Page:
I would love to hear whether you have experienced something similar and how your experience with leaders has affected your interest in and comfort with being a leader. I invite your comments below.
December is a great month to reflect on your achievements from the current year and to set intentions for the coming year.
A process that I’ve found to be extremely useful for myself and my clients is to answer the following questions and journal about them at the end of one year and before starting a new one.
What are the accomplishments I am most proud of in 2020?
What am I most grateful for this year?
What lessons have I learned regarding relationships, work experience, my business, my own blind spots … over the past year?
What are my intentions for 2021 (in five areas)?
Personal life – i.e. What my personal life looks and feels like. Note that it is important to write your intentions in the present tense as if you have already accomplished them. For example; “I am strongly connected to myself, my gifts, my fears, my strengths. I courageously uncover any and all fears, doubts and limiting beliefs that are holding me back from standing in my true power and fulfilling my larger vision and mission … .”
Related to my Health – i.e. What my health looks and feels like. “I feel great! My body is toned, strong and flexible. I radiate health and vitality – physically, emotionally, socially and spiritually. I do yoga 3 to 4 times/week, meditate daily and spend regular time in nature hiking, kayaking, swimming, cycling …
Financial – i,e. What my financial life looks and feels like. “ I average $_______ thousand a month in terms of income generation through Creative Life Coaching & Consulting. I feel financially free and serene. I pay off my credit cards every month and my line of credit is paid off. …
Spiritual – i.e. What my spiritual life looks and feels like. “I continue to meditate daily and deepen my ability to go within and connect with the Universal wisdom. I continue to strengthen and listen to my body’s wisdom. … “
Intellectual – i.e. What my intellectual life looks and feels like. “I am flexible, flowing and open to new ideas. I connect with my creativity easily and effortlessly. … I blog regularly and creative ideas come to me easily. I design and facilitate workshops and retreats that many women connect with and learn from.”
I encourage you to experiment with the process above. Feel free to change the titles of the 5 areas suggested to ones that resonate for you. Reviewing your intentions quarterly and noting how you’re doing in relation to them, helps keep them top of mind and provides encouragement to move forward. Using your intentions as a “touch stone” at the end of each year to review your achievements is helpful.
Celebrating your accomplishments feels so good and is important to provide you with the energy and commitment to move forward and fulfill your intentions. Here’s a short video that explains why it is important to celebrate.
Best of luck reflecting on 2020 and setting bold intentions for 2021. To your health, happiness, fulfillment and inner peace!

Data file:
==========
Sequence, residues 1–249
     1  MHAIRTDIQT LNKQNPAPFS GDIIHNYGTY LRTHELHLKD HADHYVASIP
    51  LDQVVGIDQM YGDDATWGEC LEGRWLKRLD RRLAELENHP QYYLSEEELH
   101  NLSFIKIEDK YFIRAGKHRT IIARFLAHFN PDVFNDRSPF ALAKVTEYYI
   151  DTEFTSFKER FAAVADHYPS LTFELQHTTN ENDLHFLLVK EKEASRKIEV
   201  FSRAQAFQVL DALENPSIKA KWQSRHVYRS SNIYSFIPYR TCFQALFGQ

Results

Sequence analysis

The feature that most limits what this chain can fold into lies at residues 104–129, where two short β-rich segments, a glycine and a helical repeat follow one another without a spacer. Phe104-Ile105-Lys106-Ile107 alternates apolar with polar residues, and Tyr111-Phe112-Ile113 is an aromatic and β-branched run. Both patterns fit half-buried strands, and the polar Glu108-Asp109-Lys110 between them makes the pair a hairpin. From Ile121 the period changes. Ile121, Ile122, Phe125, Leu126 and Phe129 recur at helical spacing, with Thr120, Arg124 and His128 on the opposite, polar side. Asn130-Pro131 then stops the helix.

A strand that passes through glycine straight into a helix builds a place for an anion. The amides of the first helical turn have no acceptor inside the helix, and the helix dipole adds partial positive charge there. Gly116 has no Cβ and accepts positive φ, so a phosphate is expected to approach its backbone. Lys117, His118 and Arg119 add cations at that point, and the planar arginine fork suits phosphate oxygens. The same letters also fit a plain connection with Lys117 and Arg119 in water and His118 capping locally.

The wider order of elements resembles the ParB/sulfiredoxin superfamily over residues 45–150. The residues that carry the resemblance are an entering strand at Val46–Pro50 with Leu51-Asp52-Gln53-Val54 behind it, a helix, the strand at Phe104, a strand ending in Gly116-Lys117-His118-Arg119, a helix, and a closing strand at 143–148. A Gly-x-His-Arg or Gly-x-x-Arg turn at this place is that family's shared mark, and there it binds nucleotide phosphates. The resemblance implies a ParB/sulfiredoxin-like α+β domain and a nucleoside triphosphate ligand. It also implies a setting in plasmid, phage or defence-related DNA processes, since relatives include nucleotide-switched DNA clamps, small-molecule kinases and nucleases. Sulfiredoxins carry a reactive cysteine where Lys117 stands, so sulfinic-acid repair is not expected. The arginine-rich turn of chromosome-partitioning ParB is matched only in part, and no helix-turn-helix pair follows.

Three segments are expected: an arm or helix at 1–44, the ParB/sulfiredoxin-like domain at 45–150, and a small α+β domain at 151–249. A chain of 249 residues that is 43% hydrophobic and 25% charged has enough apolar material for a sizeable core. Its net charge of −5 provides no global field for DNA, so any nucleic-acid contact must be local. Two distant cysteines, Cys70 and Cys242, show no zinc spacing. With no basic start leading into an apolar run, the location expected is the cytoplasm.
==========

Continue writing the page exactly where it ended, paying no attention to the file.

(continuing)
I invite you to try out the process and welcome your comments below. Feel free to share this post with others.
Have you ever interviewed a potential staff person or manager who on paper looked amazing, answered the questions thoughtfully, came to the interview well-groomed and appeared well-mannered and reliable? Your rational mind (left brain) thought “this a great candidate; I want to hire her or him”, yet there was something niggling that you couldn’t quite put your finger on. Something that didn’t feel right; yet you went ahead and hired that person. Three months after they started their position, you realized they were not a good “fit” for the organization. One of your organizational values was collaboration and they were extremely competitive to the point of withholding information from other team leads. On reflection, you realized that your body had told you this person wasn’t right for the organization and yet you let your head overrule your heart and did not listen to your body’s wisdom.
As women, many of us have been taught from a young age that in order to get ahead and be successful, we need to suppress our natural feminine qualities such as intuition. These feminine qualities have been undervalued in general in our families and by society and we have learned that in order to get ahead in business and in life that we need to assume the more dominant masculine qualities such as rationality and valuing logic over intuition.
The recent pandemic has shone the light on many aspects of our societies and organizations that are no longer working. It has reinforced the need for us to reconnect with our authentic feminine leadership qualities such as intuition, collaboration and creativity and recognize their value and importance.
As authentic feminine leaders how can we reconnect with those parts of ourselves that we have disconnected with based on previous feedback and experience? How can we learn to listen to and trust in our body’s wisdom?
The first step is to believe that your intuition is a valuable quality and you can learn to access it and trust it. Dr. Bruce Lipton, a stem cell biologist, has done extensive research to show that the cells of our body are affected by our thoughts. This means your thoughts and beliefs biochemically affect your body and you have the power to change them.